A slide from the Wayfinding presentation to the city

ITHACA, N.Y. — A proposal to spend up to an estimated $150,000 of the city of Ithaca’s budget on new signs around the county was voted down at a City Hall meeting Wednesday night.


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Bus To Nature: Route 22

“Maybe this isn’t the best analogy, but when you don’t need a Cadillac and someone says they can get it to you for 30 percent off, you still don’t need a Cadillac,” said George McGonigal, a Common Council member. “… This number is just way out of bounds; to me, I cant support this at all.”

Jennifer Tavares, president and CEO of the Tompkins County Chamber of Commerce, appeared at a committee meeting of the Ithaca Common Council to support and explain the idea behind the project.

She said she was seeking to learn how much money different municipalities, including Ithaca, would be willing to pitch in for the effort, called the “Wayfinding & Interpretive Signage Project.”

The project would add hundreds of signs around the county in an effort to increase tourism, especially from college students and their parents.

A memo submitted by Tavares to the city said the chamber wanted Ithaca to commit to $150,000 in funding, noting that this commitment would help the project secure a crucial state grant. She emphasized that Ithaca was just one of several stakeholders that would be funding the project.

However, the City of Ithaca’s administration committee rejected the motion in a 3-2 vote — even after Council chair Deborah Mohlenhoff suggested the amount agreed to be paid by the city be lowered from $150,000 to $50,000 over three years.

What is the proposal?

The “Wayfinding & Interpretive Signage Project” would add the following signs, among others, around the county:

— 6 “district info” signs to orient driver

— 7 “Ithaca” signs

— 3 interpretive kiosks for pedestrians

— 6 dedicated parking signs, plus

— 17 directional signs to four parking garages

— 26 downtown/Commons related signs

— 12 Ithaca Falls signs

— 6 Cayuga Waterfront Trail signs

— There are 5 new dedicated signs to Collegetown, and 7 mentions of Collegetown Parking Garage.

“We understand and are very aware of the budget constraints you are under,” Tavares told the Ithaca officials. “… but we do feel like it’s a really good project and it’s worthwhile and that the economic impact is substantial.”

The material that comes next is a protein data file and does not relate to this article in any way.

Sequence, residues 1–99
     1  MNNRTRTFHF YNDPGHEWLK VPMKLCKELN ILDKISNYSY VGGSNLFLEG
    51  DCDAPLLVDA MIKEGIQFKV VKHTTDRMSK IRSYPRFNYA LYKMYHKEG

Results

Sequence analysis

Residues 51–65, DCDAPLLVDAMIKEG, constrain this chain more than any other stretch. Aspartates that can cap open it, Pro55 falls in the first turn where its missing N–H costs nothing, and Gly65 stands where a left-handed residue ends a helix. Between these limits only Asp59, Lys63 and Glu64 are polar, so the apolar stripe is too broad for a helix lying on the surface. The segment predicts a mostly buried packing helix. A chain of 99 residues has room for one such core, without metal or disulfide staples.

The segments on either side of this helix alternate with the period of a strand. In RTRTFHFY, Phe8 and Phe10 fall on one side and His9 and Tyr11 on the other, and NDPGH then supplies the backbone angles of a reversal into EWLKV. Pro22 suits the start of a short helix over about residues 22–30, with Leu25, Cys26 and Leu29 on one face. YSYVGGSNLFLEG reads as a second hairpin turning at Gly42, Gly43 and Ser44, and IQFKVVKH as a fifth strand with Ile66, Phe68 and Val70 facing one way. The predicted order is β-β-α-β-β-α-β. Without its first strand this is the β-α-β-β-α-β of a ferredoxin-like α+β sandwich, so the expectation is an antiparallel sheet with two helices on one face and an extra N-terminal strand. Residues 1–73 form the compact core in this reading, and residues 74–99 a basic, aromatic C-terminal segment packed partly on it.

Tavares said there was no shortage of anecdotes — citing hotel managers and other business leaders — of commuters failing to find their desired destinations because of confusing signs. A project memo also noted that it had already received over $60,000 in Tompkins County Tourism Program funding.

Tavareas added that the County Strategic Tourism Planning Board passed a resolution today recommending $150K (in the form of $50K per year over three years) to the project and said that the Town of Ithaca has committed up to $35K for the project.

Additional support from the county to provide significant signage installation support to the project could help reduce the overall $1.26 million project cost by between $400-500K, Tavares said.

Here are a couple of slides from the chamber’s memo, submitted to the city:

A slide from the Wayfinding presentation to the city

You can read the entire Wayfinding signage plan here.

Council members criticize proposal

But at least three Common Council members expressed concerns, saying the city couldn’t afford the expense and that it and has more pressing demands.

“I find this to be a really low-priority need,” said Common Council member Donna Fleming. “…For $150,000, we could get a new cop and a half or  several youth bureau workers.”

“I’m not compelled by the arguments that people get lost a lot here; I’m sorry, I’m not compelled.”

Similarly, Common Council member J.R. Clairborne said the city had lots of coming expenses and needs to think critically about its resources.

“With some of the other things looming before us, it’s really hard to put that high on the priority scale,” Clairborne said of the Wayfinding project.

Jeff Stein

Jeff Stein is the founder and former editor of the Ithaca Voice.